It’s morning at Willow Wisp Organic Farm. An array of be-hatted men are at work picking radishes in the field most distant from the barn; bees and bugs are flitting in and out of the flower gardens.
In the barn, Tannis Kowalchuk is surrounded by color. A myriad of flowers propped around her in vases are waiting to be arranged for a New York City farmers’ market. Just her head pokes out among the blooms, like another happy azalea.
We get into a golf cart to take a short tour of the 30-acre property, holding coffee mugs out to the side so the spillage leaks onto the dirt paths and not our pants. (“This is how I do it,” Kowalchuk assures me, regarding the coffee technique.)
Weeks ago, the paths that weave around planted fields, some of which are now fallow for the season, set the stage for the first production of the Farm Arts Collective’s “Shakespeare on the Farm.”
The performances extended over two weekends and sold out each time, including the added show that sold out the day it was announced. The success inspired a revival performance, “Shakespeare on the Rail,” that will take place Saturday, September 21, on the Rails to Trails pathways at the Hurleyville Arts Centre.
The Farm Arts Collective is an “agri-cultural” community hub dedicated to connecting organic farming with performance—a melding of Greg Swartz’s background in agriculture with Kowalchuk’s theater repertoire. The project is based at the couple’s farm, Willow Wisp, and works outward in Sullivan and Wayne counties and New York City.
Kowalchuk, the founder of NACL Theatre, formed the collective about a year ago with the mission of creating a space “where people can attend farm-related workshops, have artistic experiences, eat well and feel a part of something bigger than themselves.”
She has a lifelong background in theater, dating back to the time she marched into her principal’s office in Kindergarten and told him she wanted to sing at the closing assembly. “I’ve always needed to perform,” she says. It’s in her nature to be theatrical. There is a moment, as Kowalchuk is speaking, that her arms are in the perfect position to be holding poor Yorick’s skull.
That inclination, she says, was not imbued by her family. Kowalchuk’s maternal grandparents were Polish farmers, forced to work for the Nazis in World War II. The family went from a concentrtion camp to a refugee camp, before being accepted for asylum in Canada. On this particular day, Kowalchuk’s mother is visiting, jarring tomato sauce in the kitchen while we chat in the performance greenhouse.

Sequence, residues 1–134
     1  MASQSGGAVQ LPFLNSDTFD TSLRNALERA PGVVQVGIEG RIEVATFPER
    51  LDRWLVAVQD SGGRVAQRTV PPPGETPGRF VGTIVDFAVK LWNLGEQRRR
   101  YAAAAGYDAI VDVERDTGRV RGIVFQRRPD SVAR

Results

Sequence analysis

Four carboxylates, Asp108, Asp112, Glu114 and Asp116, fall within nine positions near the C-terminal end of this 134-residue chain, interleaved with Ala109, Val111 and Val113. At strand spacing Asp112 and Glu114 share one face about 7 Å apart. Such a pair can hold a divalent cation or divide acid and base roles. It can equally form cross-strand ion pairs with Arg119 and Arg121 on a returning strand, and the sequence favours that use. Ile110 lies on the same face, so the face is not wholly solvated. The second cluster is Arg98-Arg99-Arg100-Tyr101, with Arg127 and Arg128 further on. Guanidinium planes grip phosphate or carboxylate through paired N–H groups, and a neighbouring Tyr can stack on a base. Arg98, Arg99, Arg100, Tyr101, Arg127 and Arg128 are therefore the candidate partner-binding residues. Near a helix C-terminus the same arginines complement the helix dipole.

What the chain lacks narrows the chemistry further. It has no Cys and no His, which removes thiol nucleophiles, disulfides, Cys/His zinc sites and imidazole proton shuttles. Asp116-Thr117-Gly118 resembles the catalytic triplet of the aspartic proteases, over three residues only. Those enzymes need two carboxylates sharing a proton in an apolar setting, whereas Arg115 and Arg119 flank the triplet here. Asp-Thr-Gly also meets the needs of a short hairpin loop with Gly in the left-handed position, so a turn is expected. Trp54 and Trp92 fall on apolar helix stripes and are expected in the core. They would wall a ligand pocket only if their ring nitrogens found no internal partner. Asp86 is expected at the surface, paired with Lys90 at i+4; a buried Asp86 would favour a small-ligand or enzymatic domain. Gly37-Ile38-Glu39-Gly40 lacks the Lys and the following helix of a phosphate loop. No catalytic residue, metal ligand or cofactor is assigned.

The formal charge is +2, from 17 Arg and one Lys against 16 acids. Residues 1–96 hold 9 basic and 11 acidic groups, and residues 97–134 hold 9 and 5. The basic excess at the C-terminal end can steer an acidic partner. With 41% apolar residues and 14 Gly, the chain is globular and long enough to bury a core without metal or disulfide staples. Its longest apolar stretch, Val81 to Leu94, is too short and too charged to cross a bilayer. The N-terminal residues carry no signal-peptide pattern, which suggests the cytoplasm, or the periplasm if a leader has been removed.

The collective is a convergence of her worlds, a chance to bring the community together for artistic and agricultural purposes. She wanted to bring art to a place less formal and intimidating than a gallery or theater. “I wanted to engage people around me, who are living here with me, in questions of looking after our planet, and questions of justice, social justice.” Kowalchuk references a show she produced called “Courage,” and another called “The Weather Project,” which respectively addressed social justice issues and climate change.
Since so many of his plays used nature as metaphor, Shakespeare was a natural choice for an on-the-farm production. The show opened up from the greenhouse to Kowalchuk’s flower garden, where she played queen of the fairies who live there. From there, the audience strolled by fields of pea and oats—natural fertilizers—following behind string musicians and actors. Romeo and Juliet were back dropped by sun hemp. King Lear emerged from a compost pile. Hamlet faced the crisis of his existence while weeding a field. Characters on tall stilts walked beside the warming greenhouses, where heated tables can make crop production extend just a little farther into each season than nature would typically allow.
“What we’re trying to do here is work with nature, but we’re also cultivating it,” Kowalchuk says. “I love how humans try to cultivate and control everything in their lives... And yet, even though we’re doing intense cultivation here, and humans are doing intense cultivation, there’s a part of nature that always erupts.”
The damp spring worried Swartz and his partner John Bachman about the season’s production capacity. Showers on one night of “Shakespeare” forced Kowalchuk to put up tents for the musicians.
Nature erupts, Kowalchuk flings her arms in the air, “like love—falling in love with the wrong person, Romeo and Juliet. Feeling this drive to kill yourself, Hamlet. Facing old age and madness, King Lear. We try to cultivate, but then you get a storm here. You get heavy rains, you get an early frost and everything you try to do to cultivate… God and nature always gets us, and we ultimately realize, because of our love, because of our passions, because of our bodies dying, that we don’t have control. You’re constantly facing in farming and in storytelling and in art.”
Two weeks ago, a 55-year-old friend of Kowalchuk’s who still lived in Canada died of pancreatic cancer. She watched a healthy, active man, shrivel to less than 100 pounds.
“That’s a perfect example,” she says. “One flower’s alive. The other one, right beside it, gets black. No reason. That’s what farming is all about. You do your very best to create the best possible environment. But there’s something, something that always affects and changes and does something that we can’t control or explain. And I think that’s huge... That’s—that’s drama.”
Shakespeare on the Rails takes place on Saturday, September 21 at 3 p.m. at the Hurleyville Arts Centre. The event is free and refreshments are available for purchase.